By Teachers, For Teachers
As teachers we are always trying to tune into our students. We want every one of our students to feel comfortable and safe in our classroom, so we are always trying to do whatever it takes to make that happen.
Shy students may not stand out, and oftentimes they get left by the wayside, which is not a good feeling for them. You don’t want to force them to talk, yet you don’t want them to be afraid to talk either.
The way that you treat your shy students in your classroom will shape the way they interact in the future. Here are a five teaching strategies to keep in mind when working with shy students in your classroom.
This tip is the most important of all the shy student teaching strategies. It is essential that a shy student know that they are being treated the same as their classmates. Usually, the students already know who is shy and who is not in the classroom, because it is quite obvious. If one day your shy student decides to speak in front of the classroom, don’t make a big deal out of it, simply give them a wink and go on with your day. Then later on when you can get them alone, tell them how proud you are of them.
In the beginning of the school year instruct all of your students that they can use a signal to interact with you. A signal is a great way for all students to interact without really having to speak. This way they aren’t just sitting at their desk and anxiously worrying if they are going to get called upon. You can use a simple thumbs up sign or thumbs down sign, or you can get a little bit more creative and have students flip a green card for yes and a no card for no. You can keep these signs at their desks so they will have always have this option in their back pocket.
The last thing that a shy student wants is for the teacher to call upon them. Usually when this happens, their blood pressure starts to rise, their heart begins to beat very quickly, and their cheeks begin to flush. If you think the student has something to add to the conversation but is too shy, then try and give them a few minutes notice before you call upon them. This will help them prepare what they want to say. You can tap their desk, give them a wink, or place your hand on their shoulder and let them know beforehand that this means for them to get ready to be called on. You can also give them the option to get out of it if they don’t fell comfortable. Create a personal signal for this option.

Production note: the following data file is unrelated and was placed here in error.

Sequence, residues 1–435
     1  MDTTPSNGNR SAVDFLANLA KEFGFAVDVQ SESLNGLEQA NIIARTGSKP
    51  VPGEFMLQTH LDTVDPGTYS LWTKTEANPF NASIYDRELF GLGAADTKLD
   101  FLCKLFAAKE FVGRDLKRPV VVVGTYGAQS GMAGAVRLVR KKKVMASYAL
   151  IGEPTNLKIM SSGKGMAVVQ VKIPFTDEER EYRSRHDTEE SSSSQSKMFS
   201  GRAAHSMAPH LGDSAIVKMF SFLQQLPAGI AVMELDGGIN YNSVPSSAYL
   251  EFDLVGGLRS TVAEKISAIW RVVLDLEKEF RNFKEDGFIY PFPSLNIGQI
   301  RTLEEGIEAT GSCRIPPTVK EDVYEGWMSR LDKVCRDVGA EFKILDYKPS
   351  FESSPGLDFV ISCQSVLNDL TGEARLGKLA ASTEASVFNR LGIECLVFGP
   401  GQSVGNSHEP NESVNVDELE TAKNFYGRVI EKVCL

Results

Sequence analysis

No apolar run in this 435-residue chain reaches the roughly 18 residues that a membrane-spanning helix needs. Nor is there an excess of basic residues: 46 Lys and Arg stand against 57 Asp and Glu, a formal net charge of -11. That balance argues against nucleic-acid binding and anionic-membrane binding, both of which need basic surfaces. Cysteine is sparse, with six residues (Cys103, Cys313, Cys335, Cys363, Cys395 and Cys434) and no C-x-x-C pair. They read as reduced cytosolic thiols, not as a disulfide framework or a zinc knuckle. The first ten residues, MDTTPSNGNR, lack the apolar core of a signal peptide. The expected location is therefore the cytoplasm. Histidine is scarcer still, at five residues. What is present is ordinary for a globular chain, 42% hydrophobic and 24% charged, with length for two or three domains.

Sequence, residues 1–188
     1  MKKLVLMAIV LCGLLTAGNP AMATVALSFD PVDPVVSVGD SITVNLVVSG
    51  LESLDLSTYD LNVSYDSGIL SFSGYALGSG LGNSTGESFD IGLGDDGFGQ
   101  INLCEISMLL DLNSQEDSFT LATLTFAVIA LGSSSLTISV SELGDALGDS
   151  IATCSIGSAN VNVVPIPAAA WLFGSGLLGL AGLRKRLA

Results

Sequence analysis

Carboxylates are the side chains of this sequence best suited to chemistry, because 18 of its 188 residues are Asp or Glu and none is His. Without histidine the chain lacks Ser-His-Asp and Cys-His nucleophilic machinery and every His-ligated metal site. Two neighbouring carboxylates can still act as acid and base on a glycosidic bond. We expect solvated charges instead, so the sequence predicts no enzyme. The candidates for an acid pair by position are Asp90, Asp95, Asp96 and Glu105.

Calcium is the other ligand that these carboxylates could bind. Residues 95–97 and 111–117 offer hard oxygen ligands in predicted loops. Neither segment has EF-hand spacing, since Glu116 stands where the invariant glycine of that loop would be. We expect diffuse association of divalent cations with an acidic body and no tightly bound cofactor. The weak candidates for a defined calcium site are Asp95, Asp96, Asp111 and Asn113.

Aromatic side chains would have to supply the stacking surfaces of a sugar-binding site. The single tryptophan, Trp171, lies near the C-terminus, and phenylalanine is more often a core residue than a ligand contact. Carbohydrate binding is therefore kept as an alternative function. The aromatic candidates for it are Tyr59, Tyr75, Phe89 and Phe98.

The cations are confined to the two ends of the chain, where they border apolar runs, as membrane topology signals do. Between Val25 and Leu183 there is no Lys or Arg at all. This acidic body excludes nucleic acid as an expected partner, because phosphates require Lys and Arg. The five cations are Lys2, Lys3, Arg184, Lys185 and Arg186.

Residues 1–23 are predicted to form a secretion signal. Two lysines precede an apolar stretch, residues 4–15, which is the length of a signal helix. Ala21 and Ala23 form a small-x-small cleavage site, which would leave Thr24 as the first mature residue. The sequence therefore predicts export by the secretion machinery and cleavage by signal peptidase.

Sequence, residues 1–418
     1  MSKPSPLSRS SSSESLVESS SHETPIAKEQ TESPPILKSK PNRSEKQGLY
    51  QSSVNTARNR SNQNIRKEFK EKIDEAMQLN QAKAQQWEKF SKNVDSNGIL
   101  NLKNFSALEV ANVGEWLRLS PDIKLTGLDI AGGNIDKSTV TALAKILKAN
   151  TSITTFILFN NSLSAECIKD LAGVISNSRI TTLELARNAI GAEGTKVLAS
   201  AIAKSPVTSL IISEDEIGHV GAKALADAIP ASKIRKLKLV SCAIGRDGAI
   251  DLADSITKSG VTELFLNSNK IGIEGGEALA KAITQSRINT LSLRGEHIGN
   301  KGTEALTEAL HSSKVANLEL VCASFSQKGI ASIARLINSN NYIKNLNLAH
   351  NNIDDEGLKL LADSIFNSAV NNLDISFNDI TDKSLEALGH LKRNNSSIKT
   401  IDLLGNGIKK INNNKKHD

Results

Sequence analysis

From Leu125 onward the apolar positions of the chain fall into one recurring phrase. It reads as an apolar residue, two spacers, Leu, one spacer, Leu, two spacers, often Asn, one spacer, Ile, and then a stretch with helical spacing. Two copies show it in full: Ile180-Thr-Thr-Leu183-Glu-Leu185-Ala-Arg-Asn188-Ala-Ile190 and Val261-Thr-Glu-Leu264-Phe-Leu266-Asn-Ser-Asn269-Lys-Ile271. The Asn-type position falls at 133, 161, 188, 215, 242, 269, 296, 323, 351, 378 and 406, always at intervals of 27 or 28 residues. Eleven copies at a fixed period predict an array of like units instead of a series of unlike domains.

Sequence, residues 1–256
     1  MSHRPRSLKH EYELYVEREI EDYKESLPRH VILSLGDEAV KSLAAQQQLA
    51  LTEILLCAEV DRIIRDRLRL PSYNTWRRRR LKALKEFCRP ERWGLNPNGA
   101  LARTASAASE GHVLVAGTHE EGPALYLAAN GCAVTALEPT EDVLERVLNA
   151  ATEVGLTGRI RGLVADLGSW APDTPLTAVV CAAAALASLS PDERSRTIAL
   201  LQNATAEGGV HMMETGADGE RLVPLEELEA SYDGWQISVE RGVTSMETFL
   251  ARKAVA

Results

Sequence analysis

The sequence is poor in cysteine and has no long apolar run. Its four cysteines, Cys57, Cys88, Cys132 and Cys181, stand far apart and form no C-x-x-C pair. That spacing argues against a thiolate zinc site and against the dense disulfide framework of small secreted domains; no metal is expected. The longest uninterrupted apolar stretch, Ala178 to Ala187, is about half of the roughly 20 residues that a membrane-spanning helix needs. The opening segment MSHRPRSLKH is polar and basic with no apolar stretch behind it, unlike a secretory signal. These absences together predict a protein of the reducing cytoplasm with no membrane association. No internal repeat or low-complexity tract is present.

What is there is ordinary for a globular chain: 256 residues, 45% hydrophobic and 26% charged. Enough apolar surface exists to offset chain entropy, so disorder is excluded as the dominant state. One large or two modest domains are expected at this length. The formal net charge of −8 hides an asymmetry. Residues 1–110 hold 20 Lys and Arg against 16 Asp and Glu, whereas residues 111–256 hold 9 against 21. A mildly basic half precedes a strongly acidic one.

All shy students have that one classmate that they connect to and feel comfortable with to be themselves around. Make sure that you allow this student to be paired with that person during group work, lunch time, or carpet time. This can make a world of a difference in a shy student’s life in school. Try not to make it too obvious to the other students either if you can. The last thing that you want is to have your students picking on your shy student and embarrassing them.
A great way to get a shy student to interact with his classmates is to give him a classroom job that allows him to interact with peers, but doesn’t necessarily make him talk to them. Being the class paper collector, the homework helper, or the class librarian allows a shy student to interact with their peers but in a way that is comfortable for them.
The simple understanding of a shy child’s feelings can make a huge impact on their world in the classroom. Use these tips above to help your shy students thrive and feel comfortable in your classroom.
How do you interact with shy students in your classroom? Do you have tops that you think will make a difference in a shy child’s life in school? Please share your ideas in the comment section below, we would love to hear your thoughts on this subject.
Janelle Cox is an education writer who uses her experience and knowledge to provide creative and original writing in the field of education. Janelle holds a Master's of Science in Education from the State University of New York College at Buffalo. She is also the Elementary Education Expert for About.com, as well as a contributing writer to TeachHUB.com and TeachHUB Magazine. You can follow her at Twitter @Empoweringk6ed, or on Facebook at Empowering K6 Educators.